http://sagaland.blogspot.com.ar/p/blog-page.html SAGAS EN ESPAÑOL
Some of the richest and most interesting writings from medieval Europe come from one of its furthest corners: during the 13th and 14th century Icelanders began to write down the stories they had collected orally from previous centuries. These sagas would cover events in Iceland and elsewhere, going back to the days when the island was first discovered and settled back in the ninth century. They are stories of family feuds, outlaws and the occasional monster lurking somewhere the uninhabited stretches of the Iceland.
Many readers will know some of these Icelandic sagas, such as Egil’s Saga or Njal’s Saga, but the Icelandic writers penned dozens of these stories. Here are ten sagas that you may not have heard of, but offer a fascinating tale. All of these works are available in an English translation, but it maybe difficult to find a copy:
1. The Saga of Finnbogi the Strong – It follows the adventures of Finnbogi Asbjornson, a 10th century Icelander known for his great strength. It doesn’t look good for Finnbogi when his birth mother decides to abandon him shortly after he is born, but another family rescues the infant and raises him. As a child he begins to show his great strength – when Finnbogi 12 he breaks the neck of a bull, and a few years later he takes on a bear and breaks his back. In some ways the story is like Egil’s Saga, as Finnbogi faces various challenges in Iceland and Norway.
2. The Saga Of Gunnlaugur Snake’s Tongue - a classic love-triangle tale, where two men love the same woman. Being Icelanders they decide to settle it by a duel to the death. Click here to find the book on Amazon.com
3. Audun’s Story – a poor farmhand in Greenland decides to buy a polar bear and goes a journey to give it to the King of Denmark. It was recently translated by William Ian Miller and weinterviewed him about the story.
4. Magnus’ Saga – a short account of the life of St. Magnus, Earl of Orkney (1075-1116). Magnus is one of two earls who share rule over the Orkney Islands, but discord between them leads to battle, where Magnus is captured and executed. But that is the only the start of his story, as we read of the miracles performed by Magnus as he is declared a saint. There is also a longer account of his life.
5. Viga-Glums Saga – a struggle for power set in tenth-century Iceland, it features a ruthless chieftain named Glum who is determined to get his way, by legal means or by force. You can read a 19th century translation of this saga from the Icelandic Saga Database.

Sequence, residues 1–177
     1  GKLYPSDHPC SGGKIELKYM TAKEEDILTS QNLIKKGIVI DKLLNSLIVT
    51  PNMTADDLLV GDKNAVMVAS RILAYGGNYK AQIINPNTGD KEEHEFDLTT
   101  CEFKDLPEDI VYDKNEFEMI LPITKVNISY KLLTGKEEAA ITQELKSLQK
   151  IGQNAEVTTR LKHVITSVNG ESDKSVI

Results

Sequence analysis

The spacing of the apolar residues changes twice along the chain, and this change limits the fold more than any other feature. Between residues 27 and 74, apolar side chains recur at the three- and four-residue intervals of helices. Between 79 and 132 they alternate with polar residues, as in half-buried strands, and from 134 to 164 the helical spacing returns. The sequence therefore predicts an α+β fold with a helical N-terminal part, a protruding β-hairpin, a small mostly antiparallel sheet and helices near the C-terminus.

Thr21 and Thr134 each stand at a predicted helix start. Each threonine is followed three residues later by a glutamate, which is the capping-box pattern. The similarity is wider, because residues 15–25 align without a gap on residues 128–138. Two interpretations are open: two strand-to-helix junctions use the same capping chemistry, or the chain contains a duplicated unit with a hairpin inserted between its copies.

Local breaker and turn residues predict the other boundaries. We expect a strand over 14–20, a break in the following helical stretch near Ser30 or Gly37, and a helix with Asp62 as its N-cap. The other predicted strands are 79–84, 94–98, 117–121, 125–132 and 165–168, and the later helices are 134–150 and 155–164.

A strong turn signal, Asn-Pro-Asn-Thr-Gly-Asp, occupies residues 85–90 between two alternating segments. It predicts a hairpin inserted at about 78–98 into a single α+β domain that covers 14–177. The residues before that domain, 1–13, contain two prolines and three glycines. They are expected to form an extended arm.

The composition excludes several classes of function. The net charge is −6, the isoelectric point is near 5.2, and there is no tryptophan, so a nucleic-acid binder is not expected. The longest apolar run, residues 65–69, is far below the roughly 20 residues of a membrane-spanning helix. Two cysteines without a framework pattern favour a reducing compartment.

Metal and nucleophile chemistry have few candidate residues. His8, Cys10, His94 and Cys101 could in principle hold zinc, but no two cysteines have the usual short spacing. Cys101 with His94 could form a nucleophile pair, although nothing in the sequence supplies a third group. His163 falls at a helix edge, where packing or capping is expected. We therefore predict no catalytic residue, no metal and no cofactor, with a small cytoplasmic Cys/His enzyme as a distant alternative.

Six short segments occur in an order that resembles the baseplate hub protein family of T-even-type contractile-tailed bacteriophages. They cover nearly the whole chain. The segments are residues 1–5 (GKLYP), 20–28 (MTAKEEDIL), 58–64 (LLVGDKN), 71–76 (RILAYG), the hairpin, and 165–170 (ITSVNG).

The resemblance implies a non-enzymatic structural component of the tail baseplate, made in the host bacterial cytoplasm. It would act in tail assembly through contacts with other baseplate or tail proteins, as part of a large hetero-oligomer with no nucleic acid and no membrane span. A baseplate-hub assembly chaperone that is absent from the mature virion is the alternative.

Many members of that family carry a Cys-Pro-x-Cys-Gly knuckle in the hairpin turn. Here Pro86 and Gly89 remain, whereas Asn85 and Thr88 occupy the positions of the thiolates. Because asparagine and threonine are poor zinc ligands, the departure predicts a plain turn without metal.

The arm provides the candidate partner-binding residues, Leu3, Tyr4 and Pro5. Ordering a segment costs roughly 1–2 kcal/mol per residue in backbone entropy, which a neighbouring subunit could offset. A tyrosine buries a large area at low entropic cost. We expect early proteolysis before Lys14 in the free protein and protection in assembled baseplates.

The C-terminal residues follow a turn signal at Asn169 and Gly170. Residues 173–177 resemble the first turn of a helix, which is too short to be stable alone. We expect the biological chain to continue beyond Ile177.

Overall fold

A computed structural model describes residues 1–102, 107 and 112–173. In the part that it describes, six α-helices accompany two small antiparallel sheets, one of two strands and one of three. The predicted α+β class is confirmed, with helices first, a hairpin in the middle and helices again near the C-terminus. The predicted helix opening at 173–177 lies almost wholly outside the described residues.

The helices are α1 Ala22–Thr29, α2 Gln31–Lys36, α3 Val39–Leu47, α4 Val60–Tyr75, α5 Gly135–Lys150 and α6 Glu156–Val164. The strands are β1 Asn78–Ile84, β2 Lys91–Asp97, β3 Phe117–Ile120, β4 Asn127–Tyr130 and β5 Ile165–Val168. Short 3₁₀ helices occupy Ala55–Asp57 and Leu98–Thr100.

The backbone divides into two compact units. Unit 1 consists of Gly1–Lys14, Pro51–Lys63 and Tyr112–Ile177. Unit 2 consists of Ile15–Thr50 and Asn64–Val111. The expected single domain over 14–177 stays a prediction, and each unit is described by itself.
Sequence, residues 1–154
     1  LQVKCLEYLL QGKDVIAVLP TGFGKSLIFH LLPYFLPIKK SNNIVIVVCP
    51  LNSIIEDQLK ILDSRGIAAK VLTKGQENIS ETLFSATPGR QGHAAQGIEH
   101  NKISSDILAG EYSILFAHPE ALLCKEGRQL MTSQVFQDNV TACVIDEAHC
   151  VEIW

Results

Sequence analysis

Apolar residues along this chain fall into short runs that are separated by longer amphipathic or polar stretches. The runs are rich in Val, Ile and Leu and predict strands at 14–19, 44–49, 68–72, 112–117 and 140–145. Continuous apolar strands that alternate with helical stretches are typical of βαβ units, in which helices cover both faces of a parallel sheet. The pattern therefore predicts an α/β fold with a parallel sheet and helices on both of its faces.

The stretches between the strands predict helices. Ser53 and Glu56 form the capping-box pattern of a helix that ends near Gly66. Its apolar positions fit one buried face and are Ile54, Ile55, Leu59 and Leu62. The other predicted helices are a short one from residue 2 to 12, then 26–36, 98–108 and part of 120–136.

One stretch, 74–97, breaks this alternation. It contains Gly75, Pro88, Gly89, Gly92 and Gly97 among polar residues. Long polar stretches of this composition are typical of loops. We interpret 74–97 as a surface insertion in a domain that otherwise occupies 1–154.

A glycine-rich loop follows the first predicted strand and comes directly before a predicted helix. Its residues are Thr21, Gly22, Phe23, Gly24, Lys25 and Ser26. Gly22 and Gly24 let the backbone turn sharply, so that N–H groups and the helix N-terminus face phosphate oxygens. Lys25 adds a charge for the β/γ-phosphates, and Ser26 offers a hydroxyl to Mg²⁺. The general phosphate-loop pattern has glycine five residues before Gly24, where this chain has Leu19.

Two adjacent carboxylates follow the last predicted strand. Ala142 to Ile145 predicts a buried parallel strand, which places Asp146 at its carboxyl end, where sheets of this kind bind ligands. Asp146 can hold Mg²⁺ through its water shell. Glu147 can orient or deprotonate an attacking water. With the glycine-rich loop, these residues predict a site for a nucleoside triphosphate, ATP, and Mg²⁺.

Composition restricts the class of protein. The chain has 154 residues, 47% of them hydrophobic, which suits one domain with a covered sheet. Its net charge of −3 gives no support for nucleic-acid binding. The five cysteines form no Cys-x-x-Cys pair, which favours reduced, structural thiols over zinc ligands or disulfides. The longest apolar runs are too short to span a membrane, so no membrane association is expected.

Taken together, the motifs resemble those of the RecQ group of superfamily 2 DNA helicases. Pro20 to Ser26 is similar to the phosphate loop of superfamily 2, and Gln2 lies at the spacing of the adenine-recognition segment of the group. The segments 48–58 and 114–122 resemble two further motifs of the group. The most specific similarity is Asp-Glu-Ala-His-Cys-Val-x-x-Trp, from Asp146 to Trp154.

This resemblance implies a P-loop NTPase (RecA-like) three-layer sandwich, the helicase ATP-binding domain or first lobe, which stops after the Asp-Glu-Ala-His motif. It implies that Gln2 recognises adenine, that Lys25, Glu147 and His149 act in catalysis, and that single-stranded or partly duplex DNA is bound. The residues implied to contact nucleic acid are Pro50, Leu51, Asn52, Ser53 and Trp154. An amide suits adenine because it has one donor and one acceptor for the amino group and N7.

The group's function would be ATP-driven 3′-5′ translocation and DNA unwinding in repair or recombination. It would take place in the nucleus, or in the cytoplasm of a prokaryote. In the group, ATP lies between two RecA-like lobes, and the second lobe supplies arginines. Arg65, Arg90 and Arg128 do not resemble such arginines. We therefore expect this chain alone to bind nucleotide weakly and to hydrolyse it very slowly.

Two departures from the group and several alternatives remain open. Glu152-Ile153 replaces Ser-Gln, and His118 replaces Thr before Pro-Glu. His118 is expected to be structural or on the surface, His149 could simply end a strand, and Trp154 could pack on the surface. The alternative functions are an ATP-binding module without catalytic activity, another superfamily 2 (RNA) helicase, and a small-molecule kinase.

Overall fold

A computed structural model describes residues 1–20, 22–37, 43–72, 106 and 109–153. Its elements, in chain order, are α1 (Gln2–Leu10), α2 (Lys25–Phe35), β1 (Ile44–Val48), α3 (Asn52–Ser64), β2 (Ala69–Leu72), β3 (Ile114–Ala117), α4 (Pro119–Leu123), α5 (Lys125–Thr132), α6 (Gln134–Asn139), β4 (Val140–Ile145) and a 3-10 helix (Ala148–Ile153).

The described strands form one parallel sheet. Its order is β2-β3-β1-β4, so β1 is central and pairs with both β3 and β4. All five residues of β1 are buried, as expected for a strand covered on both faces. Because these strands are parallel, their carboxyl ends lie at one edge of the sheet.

6. Heidarviga Saga – most of this story involves Bardi Gudmundson and the feud he has that gets more violent and leads to a bloody battle taking place on a moor in 1018. You can read a 19th century translation of ‘The Story of the Heath-Slayings’ from the Online Medieval and Classical Library.
7. The Saga of the Confederates – a kind of comedy saga, this story set in eleventh-century follows Odd and his father Ofeig. While Odd goes into business and becomes wealthy, his father remains a poor farmer. But when the eight most powerful chieftains of Iceland come together in a confederacy so they can legally outlaw Odd and take his wealth for themselves, it is Dad who comes to the rescue, using his wits to get his son out of trouble. You can learn more about the saga from the thesis The Saga of the Confederates: Historical Truth in an Icelandic Saga.
8. Gongu-Hrolfs Saga – a romantic saga, where a Russian princess is doomed to marry the man who killed her father unless a young Norwegian warrior can rescue her. This story has everything – sorcerers, demons, dwarves and legs that are cut off and sewn back on! And yes, he gets the girl. Read more about it in History or fiction? Truth-claims and defensive narrators in Icelandic romance-sagas.
9. Svarfdale Saga – set first in Norway and Sweden, and then the Svarsdale region of Iceland, it follows three generations of a family who have feuds and need to gain revenge for the wrongs done to them. Similar to other family sagas, historians haven’t been particularly interested in this work as it lacks the style found in works like Njal’s Saga. You can read some of the proverbs and quotes from this sagaat this site, including lines like: “Someone who loses his gloves cannot be happy even if he gets another pair.”
10. The Saga of King Hrolf Kraki – a mythic saga, it is the story of King Hrolf, the ruler of Denmark from the 6th century AD. Similar toBeowulf, this story has wizards, berserkers and several interesting female characters. Learn more and read some excerpts from the saga from The Viking Site by Jesse L. Byock.